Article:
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Community mourns and celebrates the Welch sisters


At the foot of the altar three white caskets faced the crowd.

It was a solemn reminder of why nearly 1,500 people were at First Baptist Church Saturday afternoon: to celebrate and to mourn.

They were there to remember the lives of La'Mour, India and Tehira Welch, three St. Petersburg sisters who died tragically in a car accident last week on their way home from a religious convention.

And remember they did.

Mourners swayed and clapped their hands to sounds of the choir.

As the music swept through the crowd, family members paused at each casket to share a moment with each woman. They placed flowers on top of each one — white for La'Mour, orange for Tehira and yellow for India.

The ceremony gave the community at large a chance to remember how much the three women had touched them.

Sabila Beganovic met fellow student Tehira, 18, when they were still in elementary school.

The two girls were like "twins," inhabitants of a "little world where no one else could join," she said in a tribute.

She will always remember "Tai's" smile, the way she made her feel.

"I will forever miss her," Beganovic said. "And I know some day in the future I am going to see her again."

To India's friends, her legacy will forever be entwined with St. Petersburg's.

Her goal was to "put this city on the map," said her friend Nicole Phillips.

But like most 24-year-olds, India also wanted to have fun. And sometimes, Phillips said, that meant taking a few too many pictures.

Why did she do it?

Phillips remembers India saying: "These moments are so special to me. I don't know why but I have to capture videos or pictures so I can go back and remember how important that moment was."

La'Mour's first cousin, Nhakia Bryant, held back tears as she described the 29-year-old mother of three, who was like a sister to her.

When they both needed a good conversation, they would cook bacon together. And, eat it, of course.

"I want you all to remember La'Mour as she was," Bryant said. "My cousin was loving, caring, kind. And just remember her as that."

The crowd broke into applause.

But when James Anthony Corbett, La'Mour's brother and India and Tehira's half-brother, took the stage, it was clear just how much the sisters had left behind.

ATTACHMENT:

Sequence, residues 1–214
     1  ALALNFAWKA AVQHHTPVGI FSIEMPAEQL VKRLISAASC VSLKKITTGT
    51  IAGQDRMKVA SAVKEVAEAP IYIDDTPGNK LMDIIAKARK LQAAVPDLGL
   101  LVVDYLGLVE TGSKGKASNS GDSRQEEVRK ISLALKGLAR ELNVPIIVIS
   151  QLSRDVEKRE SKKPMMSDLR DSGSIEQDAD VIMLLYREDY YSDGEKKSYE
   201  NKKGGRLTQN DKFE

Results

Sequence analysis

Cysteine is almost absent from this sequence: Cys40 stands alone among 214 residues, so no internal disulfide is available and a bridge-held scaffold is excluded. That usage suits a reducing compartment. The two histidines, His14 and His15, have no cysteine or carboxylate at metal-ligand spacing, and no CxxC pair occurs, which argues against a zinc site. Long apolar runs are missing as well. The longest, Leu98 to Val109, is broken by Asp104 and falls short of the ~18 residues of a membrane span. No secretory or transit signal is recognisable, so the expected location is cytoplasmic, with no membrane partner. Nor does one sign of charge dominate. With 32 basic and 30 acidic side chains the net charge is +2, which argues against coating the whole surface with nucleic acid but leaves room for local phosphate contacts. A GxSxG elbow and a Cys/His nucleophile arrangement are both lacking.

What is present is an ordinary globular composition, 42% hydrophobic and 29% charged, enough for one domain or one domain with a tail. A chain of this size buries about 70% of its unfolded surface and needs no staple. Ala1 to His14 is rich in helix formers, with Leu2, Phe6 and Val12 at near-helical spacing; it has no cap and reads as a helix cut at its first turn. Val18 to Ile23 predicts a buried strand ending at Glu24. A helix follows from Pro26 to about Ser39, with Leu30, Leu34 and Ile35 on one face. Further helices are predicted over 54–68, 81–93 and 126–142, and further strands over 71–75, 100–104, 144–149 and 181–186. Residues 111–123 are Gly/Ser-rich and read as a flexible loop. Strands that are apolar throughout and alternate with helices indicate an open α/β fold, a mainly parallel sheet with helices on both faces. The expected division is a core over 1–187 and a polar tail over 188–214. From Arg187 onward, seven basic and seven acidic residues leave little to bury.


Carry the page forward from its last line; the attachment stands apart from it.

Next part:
He addressed his speech to his family, still reeling from their loss.

"The first message is for my dad and to let him know that his girls are all right. And to let him know that they're better right now than they ever would be on Earth," Corbett said, choking back tears.

In the week since the sisters' passing, the community has come out in droves to support their family.

So when deciding where to hold Saturday's service, the family had to take the church's size into account. Although the women's father, Ricardo Welch, is the pastor of Prayer Tower Church of God in Christ, the family knew the church was too small to hold all those who wanted to attend.

Pinellas County Commissioner Ken Welch, the women's cousin, said they originally chose the slightly larger Friendship Missionary Baptist Church.

But after Wednesday night's choir rehearsal nearly filled Prayer Tower, it was clear they needed a bigger space.

"It shows you how many lives they touched," Welch said.

Saturday's crowd also illustrated how important the three sisters were to the city and their religion — Mayor Rick Kriseman, council Chairman Charlie Gerdes and council member Wengay Newton were in attendance, as were bishops from the Church of God in Christ.

As the speeches wound down, the crowd grew silent and ushers passed around tissues. Tears streamed down faces as mumbled wails broke through the church. It was a time to grieve but it was also a time to love. To cherish the women's memories. And, most importantly, to sing.

Soloist Derrick Isham was greeted with a somber response when he began his song. But one by one, members of the audience stood up, waving their hands, saying "yes, Lord."

They clapped and danced wherever there was room. In church aisles, in the balcony, on the stage — their music and movements filled the entire space.

Contact Elizabeth Djinis at (727)-893-8913 or Follow @djinisinabottle.